It was the same with currency. They foretold the future without conferring with Scotland first. Like Macbeth’s Three Witches, Osborne, Alexander and Balls dictated events. I liked this description of Shakespeare’s trio. ‘They represent darkness, chaos, and conflict, while their role is as agents and witnesses. Their presence communicates treason and impending doom. During Shakespeare’s day, witches were seen as worse than rebels, “the most notorious traitor and rebell that can be.” They were not only political traitors, but also spiritual traitors as well. Much of the confusion that springs from them comes from their ability to straddle the play’s borders between reality and the supernatural. They are so deeply entrenched in both worlds that it is unclear whether they control fate, or whether they are merely its agents. They defy logic, not being subject to the rules of the real world’. Precisely.

Carmichael’s absurdist position was amplified by his crass use of language. Lured by an questioner he may have been but it befits a clever politician to avoid traps. Not to realize he was stumbling into an odious metaphor betrayed the truth about a man bumbling around in unfamiliar surroundings.

Some of us remember Liberals as the consensual figures in our alphabet soup, the compromisers and co-operators who exuded reason. To listen now to Carmichael and the decidedly Tory –sounding Alexander is to feel the shock of realization that one was duped. Both men have produced what defence lawyers used to call a tissue of lies in order to mislead their fellow Scots into rejecting the one avenue by which they can take command and control their own affairs, what Liberals used to call Home Rule. Campaigning I understand. Lying I deprecate. These positions on currency and the EU are deliberately crafted misrepresentations paraded as fact and are proof that the Liberals have lost the conciliatory gene and joined the anti-Scottish alliance so completely that their party history will need to be re-written.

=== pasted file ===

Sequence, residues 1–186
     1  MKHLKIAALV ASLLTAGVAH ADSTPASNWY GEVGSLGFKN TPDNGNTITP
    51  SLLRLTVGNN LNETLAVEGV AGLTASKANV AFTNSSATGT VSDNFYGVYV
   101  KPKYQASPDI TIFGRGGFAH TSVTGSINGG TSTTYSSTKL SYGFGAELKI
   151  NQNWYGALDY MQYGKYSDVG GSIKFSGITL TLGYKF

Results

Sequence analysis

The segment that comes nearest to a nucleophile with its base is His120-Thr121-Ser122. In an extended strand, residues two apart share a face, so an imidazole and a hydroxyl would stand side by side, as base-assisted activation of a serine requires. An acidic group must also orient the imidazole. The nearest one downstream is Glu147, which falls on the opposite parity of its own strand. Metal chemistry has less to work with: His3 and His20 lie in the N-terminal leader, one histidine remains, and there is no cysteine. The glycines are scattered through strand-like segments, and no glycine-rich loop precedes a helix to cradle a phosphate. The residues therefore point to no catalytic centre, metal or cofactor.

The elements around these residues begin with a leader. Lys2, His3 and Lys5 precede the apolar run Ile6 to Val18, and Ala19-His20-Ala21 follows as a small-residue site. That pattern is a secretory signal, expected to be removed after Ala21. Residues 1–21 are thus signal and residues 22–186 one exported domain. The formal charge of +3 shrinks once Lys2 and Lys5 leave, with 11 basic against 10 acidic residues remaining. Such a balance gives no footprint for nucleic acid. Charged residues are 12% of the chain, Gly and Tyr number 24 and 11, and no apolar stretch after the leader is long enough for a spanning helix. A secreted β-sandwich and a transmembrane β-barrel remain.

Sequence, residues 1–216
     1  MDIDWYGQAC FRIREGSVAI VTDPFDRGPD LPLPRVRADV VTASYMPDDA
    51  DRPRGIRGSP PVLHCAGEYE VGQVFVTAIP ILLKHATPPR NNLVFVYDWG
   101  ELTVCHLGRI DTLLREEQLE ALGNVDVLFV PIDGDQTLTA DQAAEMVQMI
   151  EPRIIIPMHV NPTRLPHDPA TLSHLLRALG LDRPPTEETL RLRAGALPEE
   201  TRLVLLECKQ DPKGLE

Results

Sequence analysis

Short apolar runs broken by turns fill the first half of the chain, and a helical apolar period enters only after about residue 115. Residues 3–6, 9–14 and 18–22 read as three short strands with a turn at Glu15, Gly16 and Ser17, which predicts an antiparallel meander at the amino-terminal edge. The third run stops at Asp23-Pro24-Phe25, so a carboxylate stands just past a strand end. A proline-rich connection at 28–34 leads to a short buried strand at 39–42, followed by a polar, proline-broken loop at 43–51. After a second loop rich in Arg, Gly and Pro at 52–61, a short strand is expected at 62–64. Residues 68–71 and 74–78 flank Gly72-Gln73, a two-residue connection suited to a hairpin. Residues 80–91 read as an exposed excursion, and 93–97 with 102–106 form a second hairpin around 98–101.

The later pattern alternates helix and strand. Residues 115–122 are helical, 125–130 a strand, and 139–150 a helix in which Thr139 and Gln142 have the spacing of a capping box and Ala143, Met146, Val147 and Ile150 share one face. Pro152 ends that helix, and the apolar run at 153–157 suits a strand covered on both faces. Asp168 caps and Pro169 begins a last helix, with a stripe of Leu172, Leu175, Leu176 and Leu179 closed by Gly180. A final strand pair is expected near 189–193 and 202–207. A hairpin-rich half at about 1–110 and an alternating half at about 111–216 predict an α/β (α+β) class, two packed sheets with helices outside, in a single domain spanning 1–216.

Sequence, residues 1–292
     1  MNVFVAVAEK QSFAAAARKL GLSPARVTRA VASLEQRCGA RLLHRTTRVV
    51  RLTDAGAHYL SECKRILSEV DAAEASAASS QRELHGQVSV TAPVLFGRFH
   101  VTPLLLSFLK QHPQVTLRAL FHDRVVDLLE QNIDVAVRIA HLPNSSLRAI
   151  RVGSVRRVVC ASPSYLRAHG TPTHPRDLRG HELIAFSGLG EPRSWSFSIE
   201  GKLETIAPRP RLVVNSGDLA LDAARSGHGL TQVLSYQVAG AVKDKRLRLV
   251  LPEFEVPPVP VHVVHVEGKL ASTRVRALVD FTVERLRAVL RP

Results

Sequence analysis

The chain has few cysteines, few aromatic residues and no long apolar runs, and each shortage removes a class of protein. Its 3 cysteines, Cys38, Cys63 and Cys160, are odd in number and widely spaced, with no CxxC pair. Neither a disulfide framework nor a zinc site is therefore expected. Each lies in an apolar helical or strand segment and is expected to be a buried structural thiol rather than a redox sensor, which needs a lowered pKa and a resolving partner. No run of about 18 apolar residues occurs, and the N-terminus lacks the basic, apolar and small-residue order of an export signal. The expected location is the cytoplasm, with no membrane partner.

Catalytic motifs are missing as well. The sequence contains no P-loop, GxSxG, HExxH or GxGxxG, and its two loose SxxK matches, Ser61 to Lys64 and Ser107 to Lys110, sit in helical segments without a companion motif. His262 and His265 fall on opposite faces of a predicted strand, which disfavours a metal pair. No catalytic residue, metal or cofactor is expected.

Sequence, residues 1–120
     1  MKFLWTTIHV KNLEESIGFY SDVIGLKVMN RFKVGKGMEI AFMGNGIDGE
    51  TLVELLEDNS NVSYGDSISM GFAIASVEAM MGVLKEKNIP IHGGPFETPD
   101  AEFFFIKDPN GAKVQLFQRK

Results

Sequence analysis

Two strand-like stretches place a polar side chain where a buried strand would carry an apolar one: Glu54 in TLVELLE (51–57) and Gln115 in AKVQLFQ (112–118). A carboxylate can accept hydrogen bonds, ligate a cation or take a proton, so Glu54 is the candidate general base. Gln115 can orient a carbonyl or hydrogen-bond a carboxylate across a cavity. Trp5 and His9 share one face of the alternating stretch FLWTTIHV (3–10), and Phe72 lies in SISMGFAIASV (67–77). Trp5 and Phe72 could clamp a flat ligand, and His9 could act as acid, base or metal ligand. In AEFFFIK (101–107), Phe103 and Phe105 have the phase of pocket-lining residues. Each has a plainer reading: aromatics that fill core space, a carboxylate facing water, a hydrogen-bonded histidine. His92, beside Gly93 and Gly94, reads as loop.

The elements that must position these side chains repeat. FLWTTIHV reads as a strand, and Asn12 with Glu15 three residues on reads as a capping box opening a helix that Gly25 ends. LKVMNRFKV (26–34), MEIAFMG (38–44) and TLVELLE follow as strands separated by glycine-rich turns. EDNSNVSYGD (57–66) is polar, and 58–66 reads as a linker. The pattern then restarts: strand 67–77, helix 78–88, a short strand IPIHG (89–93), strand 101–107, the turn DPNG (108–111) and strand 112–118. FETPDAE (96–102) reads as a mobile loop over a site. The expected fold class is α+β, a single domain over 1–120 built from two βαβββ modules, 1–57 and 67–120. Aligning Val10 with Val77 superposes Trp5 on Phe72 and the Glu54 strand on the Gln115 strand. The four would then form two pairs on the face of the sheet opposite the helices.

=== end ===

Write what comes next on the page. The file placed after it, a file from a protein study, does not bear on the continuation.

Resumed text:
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Boss Knows Best

For those of us convinced that the collective moan, wail and threat of NO is turning counter-productive, here is an insight from the man the Unionists named the world’s expert on referendums when it suited them. (He was against a second question). He is writing in the Scotsman  http://www.scotsman.com/news/matt-qvortrup-bp-boss-could-boost-yes-camp-1-3295791 and makes explicit what has been dawning on Yes for months now – that we don’t like being told what to think, not when it is in the form of a warning or threat and comes from someone the voters know to be out of touch with their world.

A moderate degree of carefully modulated caution from someone in a decision-making position is acceptable but when a man like BP’s Bob Dudley can earn £6m in bonus alone and starts lecturing people on £10,000 a year, his words get lost in a cloud of contempt and resentment. (Dudley’s salary is actually falling because the company performance under him is so poor year on year.)

Voters have learned not to trust those who don’t live in the real world and as the Fred Goodwin case shows, they derive a perverse pleasure in their downfall. Similarly, they know the massive donors to Better Together aren’t remotely interested in their lot – otherwise why haven’t they acted before now on low incomes? – and are putting their money where they believe that they and their kind will receive the best return.

So in that sense I think even the lazy complaints from Alistair Carmichael and Margaret Curran decrying those who dared criticise Dudley are also misconceived. It  is the Yes and nationalist response that captures the public mood not the knee-bending approval of the Unionists. Dudley may well have honest concerns…I imagine every business type does…but you can’t take him seriously when he was for example sanguine about working in Egypt while mass protests met with army fire and there was no certainty what government would be in power and  in Libya when it was imploding and engulfed by warring factions.

It’s been an extraordinary week for the Fear Mongers with daily threats of danger from big shots in politics and business. They’d better hope this approach is working or they might find that, like the Scotch Whisky Association, they engage in an unwinnable war. The booze sellers are hell-bent not on protecting their industry by opposing minimum pricing but by undermining the rights of the parliament that is the embodiment of the proud Scotland on which they trade. Most of them of course aren’t Scottish companies at all with owners around the globe and if they persist on denying the rights of the Scots by undermining their parliament they wont just lose support in Scotland but might find their misty glen advertising wears thin internationally too. Cheers.